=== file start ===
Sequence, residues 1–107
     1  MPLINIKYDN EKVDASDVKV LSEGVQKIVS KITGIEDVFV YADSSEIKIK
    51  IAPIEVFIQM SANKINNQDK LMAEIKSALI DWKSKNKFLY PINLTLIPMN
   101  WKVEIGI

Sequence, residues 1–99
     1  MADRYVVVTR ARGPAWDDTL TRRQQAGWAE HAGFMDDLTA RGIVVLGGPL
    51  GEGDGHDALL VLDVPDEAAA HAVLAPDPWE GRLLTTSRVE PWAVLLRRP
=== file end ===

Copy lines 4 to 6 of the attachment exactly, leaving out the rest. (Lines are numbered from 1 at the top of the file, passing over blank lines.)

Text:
   101  WKVEIGI

Sequence, residues 1–99
     1  MADRYVVVTR ARGPAWDDTL TRRQQAGWAE HAGFMDDLTA RGIVVLGGPL